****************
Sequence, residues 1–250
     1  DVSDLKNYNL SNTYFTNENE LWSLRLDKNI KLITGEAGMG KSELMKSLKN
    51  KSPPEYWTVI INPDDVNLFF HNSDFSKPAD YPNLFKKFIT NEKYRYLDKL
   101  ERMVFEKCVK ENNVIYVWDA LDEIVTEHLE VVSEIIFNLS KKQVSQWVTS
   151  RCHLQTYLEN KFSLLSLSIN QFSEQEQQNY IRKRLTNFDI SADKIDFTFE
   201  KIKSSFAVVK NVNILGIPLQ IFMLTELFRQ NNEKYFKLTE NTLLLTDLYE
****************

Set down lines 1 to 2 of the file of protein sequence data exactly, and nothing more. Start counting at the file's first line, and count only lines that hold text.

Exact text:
Sequence, residues 1–250
     1  DVSDLKNYNL SNTYFTNENE LWSLRLDKNI KLITGEAGMG KSELMKSLKN